Former manager Malky Mackay once described McNaughton as 'one of Cardiff's heroes.'.

It was an apt way to sum him up because McNaughton wasn't just a terrific player, he was down to earth, never aloof, the sort of character who would always stop for a chat with supporters.

He was also, inevitably it seemed at times, the go-to player after a poor team performance for the media.

No matter how bad it had been for Cardiff, no matter how frustrating, he would always be willing to face the questions from journalists when others didn't fancy it.

Only a week or so ago I sent a text to McNaughton asking if he was able to chat and he replied quickly, saying: "No worries. I'm free now."

While it was fitting McNaughton did play in the Premier League for the club he loved, it was also fitting that his final appearance turned out to be a 1-0 win at Southampton that threatened, albeit briefly, to be a turning point in the quest for survival under Ole Gunnar Solskjaer.

But we doff our caps to McNaughton because of his longevity too, which is an increasingly rare commodity in the modern game.

His nine years might have been even longer as well, with Lennie Lawrence having made inquiries about McNaughton three years before he made the move from Aberdeen in 2006.

Aberdeen, though, wanted a PS1m fee and Cardiff had to bide their time, eventually signing the versatile defender when he was out of contract.

Good business that, but with hindsight McNaughton would have been worth the money.

McNaughton will play on, there is no doubt about that - and so he should. Where? We'll have to wait and see but whichever club gets his services will be onto a winner.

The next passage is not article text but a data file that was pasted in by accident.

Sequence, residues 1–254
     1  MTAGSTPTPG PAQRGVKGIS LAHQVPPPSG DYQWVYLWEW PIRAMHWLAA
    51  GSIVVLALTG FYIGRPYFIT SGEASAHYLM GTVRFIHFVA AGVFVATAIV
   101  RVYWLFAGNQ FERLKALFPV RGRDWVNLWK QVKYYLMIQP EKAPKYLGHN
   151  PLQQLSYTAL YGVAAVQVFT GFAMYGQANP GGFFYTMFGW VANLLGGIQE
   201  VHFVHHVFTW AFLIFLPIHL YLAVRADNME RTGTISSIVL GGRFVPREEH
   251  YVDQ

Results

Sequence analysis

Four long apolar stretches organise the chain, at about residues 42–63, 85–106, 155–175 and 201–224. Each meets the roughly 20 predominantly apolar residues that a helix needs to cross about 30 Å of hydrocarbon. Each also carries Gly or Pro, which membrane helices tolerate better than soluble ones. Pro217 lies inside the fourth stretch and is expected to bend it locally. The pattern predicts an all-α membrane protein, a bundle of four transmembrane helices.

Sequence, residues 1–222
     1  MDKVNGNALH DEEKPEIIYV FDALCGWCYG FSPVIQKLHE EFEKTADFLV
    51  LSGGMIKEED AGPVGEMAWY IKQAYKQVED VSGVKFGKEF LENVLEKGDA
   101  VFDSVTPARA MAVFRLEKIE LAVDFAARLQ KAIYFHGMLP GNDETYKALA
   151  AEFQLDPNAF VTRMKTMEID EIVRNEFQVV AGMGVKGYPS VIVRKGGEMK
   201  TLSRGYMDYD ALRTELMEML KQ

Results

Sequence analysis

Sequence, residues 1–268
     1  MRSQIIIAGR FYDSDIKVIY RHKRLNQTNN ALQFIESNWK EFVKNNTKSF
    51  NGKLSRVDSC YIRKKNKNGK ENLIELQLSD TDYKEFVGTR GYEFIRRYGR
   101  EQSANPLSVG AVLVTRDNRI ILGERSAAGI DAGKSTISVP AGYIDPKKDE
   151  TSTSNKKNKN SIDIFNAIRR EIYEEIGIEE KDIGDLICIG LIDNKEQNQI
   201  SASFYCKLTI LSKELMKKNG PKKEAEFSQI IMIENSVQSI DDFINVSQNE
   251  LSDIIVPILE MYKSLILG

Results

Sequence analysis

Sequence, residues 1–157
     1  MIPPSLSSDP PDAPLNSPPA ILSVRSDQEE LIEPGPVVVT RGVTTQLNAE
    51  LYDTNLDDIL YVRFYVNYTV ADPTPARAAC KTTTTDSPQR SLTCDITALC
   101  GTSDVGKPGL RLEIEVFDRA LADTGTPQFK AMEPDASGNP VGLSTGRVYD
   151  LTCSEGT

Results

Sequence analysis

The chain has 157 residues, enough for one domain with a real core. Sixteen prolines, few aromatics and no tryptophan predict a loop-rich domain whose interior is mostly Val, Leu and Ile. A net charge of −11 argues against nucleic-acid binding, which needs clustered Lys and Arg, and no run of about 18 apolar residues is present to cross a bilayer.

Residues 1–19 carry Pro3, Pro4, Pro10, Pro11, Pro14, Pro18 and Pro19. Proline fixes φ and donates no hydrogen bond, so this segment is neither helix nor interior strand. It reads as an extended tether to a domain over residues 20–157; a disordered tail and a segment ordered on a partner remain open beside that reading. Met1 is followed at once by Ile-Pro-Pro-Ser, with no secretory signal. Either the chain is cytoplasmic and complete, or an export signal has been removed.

He leaves with the best wishes of everyone connected to Cardiff City Football Club - and fully deserving of the nickname bestowed on him by its fans, one that just about sums him up.

New deal for Barnum-Bobb JAZZI Barnum-Bobb, the 19-year-old who played in two League Cup ties for Cardiff City this season, has signed a contract for 2015-16.

He joins Tyler Roche, David Tutonda and Curtis Watkins in having an additional year option implemented, while Macauley Southam has been offered a contact extension. Goalkeeper Ben Wilson has committed until 2017.

Danny Johnson, Jaye Bowen, Anthony Bell, Gethyn Hill, Joe Massaro, Kane Owen, Ben Watkins, Bradley Wickham, Bradley Williams and Josh Yorwerth have all been released.

Professional deals have been offered to some under-18 squad players, Robbie Patten, Abdi Noor, Ashley Baker, Dylan Rees, Tom Burridge, Eli Phipps and Jamie Veale, who step up to the under-21 development squad.


From heartbreak after the 2010 Championship play-off final against Blackpool to the amazing 2008 FA Cup run, Kevin McNaughton wore his heart on his sleeve for City. He played in the Premier League campaign

and was a pivotal figure as the Bluebirds pushed for promotion during Malky Mackay's reign
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Title Annotation:Sport
Publication:South Wales Echo (Cardiff, Wales)
Date:May 6, 2015